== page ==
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DACE: Extracting and Exploring Large Scale Chinese Web Collocations with Distributed Computing

Lan Huang , Juan Zhou, Jing Xue, Yongxing Li, Youfu Du
American Journal of Information Systems. 2017, 5(1), 27-32. DOI: 10.12691/ajis-5-1-4
Published online: August 14, 2017

Abstract

Words that often occur together form collocations. Collocations are important language components and have been used to facilitate many natural language processing tasks, including natural language generation, machine translation, information retrieval, sentiment analysis and language learning. Meanwhile, collocations are difficult to capture, especially for second language learners; and new collocations develop quickly nowadays, especially with the help of the affluent user generated content on the Web. In this paper we present an automatic collocation extraction and exploration system for the Chinese language: the DACE system. We identify collocations using three measures: frequency, mutual information and χ2-test. The system was built upon distributed computing frameworks so as to efficiently process large scale corpora. Empirical evaluation and analysis of the system showed the effectiveness of the collocation measures and the efficiency of the distributed computing processes.

1. Introduction

Collocations, also known as multi-word expressions 1 or compound words 2, are important language units. From the computational point of view, a collocation is a set of words that occur together more often than by chance 3. This include, for example, compound nouns like train station, phrasal verbs like follow up, proper nouns like New Zealand, and common syntactic patterns like adjective+noun and heavy rain. Collocations have been used widely in many natural language processing tasks, for example to help natural language generation 4, improve machine translation quality 1, impact search result ranking 5, disambiguate word senses 6 and assist sentiment analysis 7 and second language learning 8.

Though important, collocations are difficult to capture and learn, especially for second language learners, simply because there are so many of them and their forms are extremely diverse. Previous researchers propose to exploit the enormous web resources to discover collocations for language learning 8. This motivates us to tap into the Chinese web 5-gram corpus 9 for identifying Chinese collocations. The chosen corpus consists of over 39 billion Chinese phrases, each associated with its number of occurrences across over 800 million web pages. After filtering out phrases that occur less than five thousand times, the remaining phrases still generated 40 million collocation candidates. The sheer amount of data presents new challenge to the conventional standalone extracting process. Therefore, we employed the Hadoop distributed computing platform, parallelizing the extraction process with the MapReduce framework, and storing and retrieving the extracted collocations with the distributed database HBase. We name the system DACE to stand for distributed automatic collocation extraction. Using distributed computing, DACE can complete the extraction process within four hours for all 40 million collocation candidates, and retrieves any collocation within a second.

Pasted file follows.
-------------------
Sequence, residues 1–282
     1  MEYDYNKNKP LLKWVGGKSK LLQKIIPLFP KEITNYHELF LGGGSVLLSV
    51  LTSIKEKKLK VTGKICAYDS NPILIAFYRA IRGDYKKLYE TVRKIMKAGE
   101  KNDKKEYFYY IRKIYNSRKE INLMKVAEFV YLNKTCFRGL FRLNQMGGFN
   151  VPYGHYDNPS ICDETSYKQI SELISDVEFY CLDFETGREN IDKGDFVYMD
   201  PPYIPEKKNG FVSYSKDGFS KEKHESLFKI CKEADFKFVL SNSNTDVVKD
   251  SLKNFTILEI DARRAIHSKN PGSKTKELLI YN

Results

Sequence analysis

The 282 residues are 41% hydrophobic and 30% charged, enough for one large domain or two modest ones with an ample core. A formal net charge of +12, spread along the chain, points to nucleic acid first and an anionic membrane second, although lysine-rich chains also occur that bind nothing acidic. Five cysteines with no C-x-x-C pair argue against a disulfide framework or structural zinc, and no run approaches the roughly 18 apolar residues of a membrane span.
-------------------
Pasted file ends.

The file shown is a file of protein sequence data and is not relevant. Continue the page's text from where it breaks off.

The rest of this paper is organized as following. Next we review related work on automatic collocation extraction with a specific focus on the Chinese language domain. Section 3 explains DACE’s system architecture, and Sections 4 and 5 describe the distributed extraction and indexing phases respectively. Section 6 presents experimental setup and discusses empirical experimental results. Section 7 concludes the study.

2. Related Work

Most automatic collocation extraction methods rely on a measure that can quantify the association strength between words in a phrase, so as to determine the co-occurrence of two or more words is indeed statistically more often than by chance. In general, these measures can be categorized into three types: frequency, information theoretic measures and hypothesis test scores. Early studies used co-occurring frequency to identify collocations 10. Later, mutual information was commonly employed 11. By comparing the observed number of co-occurrences with the expected co-occuring frequency assuming that the component words were independent, mutual information recognizes those with a co-occuring probability greater than the expected value as collocations. Similarly, hypothesis tests discover associated events (i.e. words) by comparing to the null hypothesis (i.e. assuming independent events). Such tests include comparing the log-likelihood ratio 12, t-test 13 and -test 8. Besides, position, span and syntactic rules can also be considered in the association measure 14.

More recent studies have proposed several new ways for collocation extraction. For example, linear regression was applied with features covering 84 collocation rules and three linguistic patterns, to quantify the association strength between words in valid collocations 15. The bilingual word alignment method commonly used in the machine translation field was adapted to the monolingual scenario to extract collocations that co-occur in similar contexts 16. Multilingual context and multilingual copora have also received increasing attention in recent studies on automatic collocation extraction 17.